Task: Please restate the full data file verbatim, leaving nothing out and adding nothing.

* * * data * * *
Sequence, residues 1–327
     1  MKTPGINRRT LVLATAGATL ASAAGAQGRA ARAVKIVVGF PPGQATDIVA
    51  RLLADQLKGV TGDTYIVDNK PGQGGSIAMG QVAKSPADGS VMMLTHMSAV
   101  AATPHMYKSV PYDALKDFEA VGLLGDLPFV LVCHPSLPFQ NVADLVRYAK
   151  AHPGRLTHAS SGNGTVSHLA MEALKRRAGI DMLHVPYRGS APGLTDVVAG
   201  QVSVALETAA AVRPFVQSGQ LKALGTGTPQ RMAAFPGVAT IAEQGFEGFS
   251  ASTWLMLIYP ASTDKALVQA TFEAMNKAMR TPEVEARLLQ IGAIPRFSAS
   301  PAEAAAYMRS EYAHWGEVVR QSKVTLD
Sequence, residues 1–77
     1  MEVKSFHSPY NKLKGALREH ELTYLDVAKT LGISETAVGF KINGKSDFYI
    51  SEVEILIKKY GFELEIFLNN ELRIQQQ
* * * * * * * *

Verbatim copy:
Sequence, residues 1–327
     1  MKTPGINRRT LVLATAGATL ASAAGAQGRA ARAVKIVVGF PPGQATDIVA
    51  RLLADQLKGV TGDTYIVDNK PGQGGSIAMG QVAKSPADGS VMMLTHMSAV
   101  AATPHMYKSV PYDALKDFEA VGLLGDLPFV LVCHPSLPFQ NVADLVRYAK
   151  AHPGRLTHAS SGNGTVSHLA MEALKRRAGI DMLHVPYRGS APGLTDVVAG
   201  QVSVALETAA AVRPFVQSGQ LKALGTGTPQ RMAAFPGVAT IAEQGFEGFS
   251  ASTWLMLIYP ASTDKALVQA TFEAMNKAMR TPEVEARLLQ IGAIPRFSAS
   301  PAEAAAYMRS EYAHWGEVVR QSKVTLD
Sequence, residues 1–77
     1  MEVKSFHSPY NKLKGALREH ELTYLDVAKT LGISETAVGF KINGKSDFYI
    51  SEVEILIKKY GFELEIFLNN ELRIQQQ